Letters To The Editor


May 11, 2004

Oust Rumsfeld to show we take abuse seriously

The torture of Iraqi prisoners reminded me of one of the major premises in the military: The chain of command is critical to transmit directions and maintain discipline. Inherent in this idea is the understanding that superiors take responsibility for what occurs below them ("Refusing to quit, Rumsfeld takes blame for abuse," May 8).

Secretary of Defense Donald H. Rumsfeld is ultimately responsible for the Pentagon's mistakes, and removing him would show how seriously America takes this issue.

Laura Gillis


There are two explanations for the terrible torture of Iraqi prisoners in our military jails: One is that the torturers had orders from their superiors to conduct the torturing. The other is that the Department of Defense is out of control and immediate remedies must be undertaken.

Either explanation requires the firing of the man at the top: Secretary of Defense Donald H. Rumsfeld.

Mary J. Eichelman


Ultimate responsibility for the policies that permitted prisoner abuse and torture to take place in Iraq and elsewhere lies with Secretary of Defense Donald H. Rumsfeld.

By refusing Iraqi detainees the protections of the Geneva Conventions and allowing private contractors to conduct interrogations, Mr. Rumsfeld opened the door to just such abuses.

Mr. Rumsfeld should resign or be fired, and then let the administration begin to try to salvage our country's ravaged reputation in the world.

Katherine B. Schuetz


Frenzy over abuses for partisan purpose

The pictures from Abu Ghraib prison are disgusting. The punishment for those involved should be swift and severe. But just as abhorrent as these photos is the frenzy with which certain liberal media organizations and political partisans have used the abuses in their single-minded effort to bash President Bush and Secretary of Defense Donald H. Rumsfeld. Democratic presidential candidate John Kerry's comments are particularly noxious ("Refusing to quit, Rumseld takes blame for abuse," May 8).

There is no doubt that American soldiers and their commanding officers need to be punished for blatant violations of the Geneva Conventions as well as basic decency. But this incident falls far short of meriting the resignation or dismissal of Mr. Rumsfeld or impugning the overall integrity of the U.S. military.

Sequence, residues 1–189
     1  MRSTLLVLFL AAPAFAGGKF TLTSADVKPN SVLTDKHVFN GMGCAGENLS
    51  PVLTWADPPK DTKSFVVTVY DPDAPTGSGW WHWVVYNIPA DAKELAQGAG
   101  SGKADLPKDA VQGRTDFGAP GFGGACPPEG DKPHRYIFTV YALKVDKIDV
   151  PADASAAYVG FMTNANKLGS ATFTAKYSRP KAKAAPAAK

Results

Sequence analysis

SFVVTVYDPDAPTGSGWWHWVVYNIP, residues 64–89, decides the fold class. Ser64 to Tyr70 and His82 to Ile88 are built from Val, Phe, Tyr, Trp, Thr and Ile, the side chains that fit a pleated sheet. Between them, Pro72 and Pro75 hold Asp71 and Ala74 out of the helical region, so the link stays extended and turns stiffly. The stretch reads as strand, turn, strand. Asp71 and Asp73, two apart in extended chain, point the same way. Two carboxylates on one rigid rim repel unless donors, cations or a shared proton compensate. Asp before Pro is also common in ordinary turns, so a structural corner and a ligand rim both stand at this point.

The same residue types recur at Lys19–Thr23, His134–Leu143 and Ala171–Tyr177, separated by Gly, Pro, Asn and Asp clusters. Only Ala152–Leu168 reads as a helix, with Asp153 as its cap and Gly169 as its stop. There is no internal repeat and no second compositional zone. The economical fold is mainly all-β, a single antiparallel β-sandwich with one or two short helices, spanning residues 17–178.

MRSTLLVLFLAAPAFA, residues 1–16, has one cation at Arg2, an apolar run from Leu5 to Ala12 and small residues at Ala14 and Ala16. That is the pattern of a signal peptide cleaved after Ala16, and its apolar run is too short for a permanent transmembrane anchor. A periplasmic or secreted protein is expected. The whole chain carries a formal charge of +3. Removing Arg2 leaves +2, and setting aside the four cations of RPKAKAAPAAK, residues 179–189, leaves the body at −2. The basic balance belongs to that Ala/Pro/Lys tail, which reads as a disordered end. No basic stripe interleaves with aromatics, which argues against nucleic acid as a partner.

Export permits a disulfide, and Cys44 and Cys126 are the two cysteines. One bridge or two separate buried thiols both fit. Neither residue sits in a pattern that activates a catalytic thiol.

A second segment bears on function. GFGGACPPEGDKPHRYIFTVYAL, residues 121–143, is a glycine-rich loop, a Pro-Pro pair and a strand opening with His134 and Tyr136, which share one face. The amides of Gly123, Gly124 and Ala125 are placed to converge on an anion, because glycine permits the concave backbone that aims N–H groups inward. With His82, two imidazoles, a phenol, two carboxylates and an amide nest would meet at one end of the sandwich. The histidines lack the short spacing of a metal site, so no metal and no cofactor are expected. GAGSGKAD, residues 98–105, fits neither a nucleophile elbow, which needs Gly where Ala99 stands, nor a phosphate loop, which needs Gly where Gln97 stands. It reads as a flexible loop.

The fact is that much of the information on the prison abuse comes from a Pentagon report detailing a two-month investigation into the activities at the prison. This demonstrates that the military was concerned about what was going on and preparing to take action to rectify it.

And the outrage of various Arab governments is disingenuous and strains credibility. The horrors of torture inflicted by Saddam Hussein and other despots in the region have received scant attention from those same officials.

And lastly, the outrage expressed in Western media over the Abu Ghraib photos is much louder than that expressed over the photos of the charred, dismembered bodies of four Americans hanging from a bridge in Iraq and other incidents where kidnapped Western noncombatants have been videotaped while being threatened with torture and murder.

Scott Appelbaum


President must take full responsibility

It is not sufficient for Secretary of Defense Donald H. Rumsfeld to resign. When the Supreme Court delivered the presidency to George W. Bush, it came with the bonus title of commander in chief. As such, he holds ultimate responsibility ("Refusing to quit, Rumsfeld takes blame for abuse," May 8).

Impeachment is the logical - and just - course.

Lauren Goodsmith


Terror is appalling, not charges of abuse

I am not appalled, as so many people are, at the alleged embarrassment of Iraqi prisoners. It is absolutely imperative that we wring out every last bit of intelligence information that we can get from these detainees.

What appalls me is the killing of nearly 3,000 American citizens. And you can rest assured that the toll in the next terrorist attack will be a lot worse.

Rick Bajackson


Systematic training could prevent abuse

It is well known that the human rights of prisoners are often violated by those who are supposed to guard them. Such things occur all over the world, whether the prisons are military or are part of a country's corrections system.

Research has shown that average people are capable of being cruel and demeaning toward others when some are made guards and some are in custody.

It doesn't take "a few bad apples" or bizarre circumstances for disrespectful treatment and abuses of prisoners to occur. Rather, the evidence suggests that there will always be a drift toward abusive treatment of prisoners unless policy-makers and administrators understand the problem and take active, systemwide steps to prevent it.

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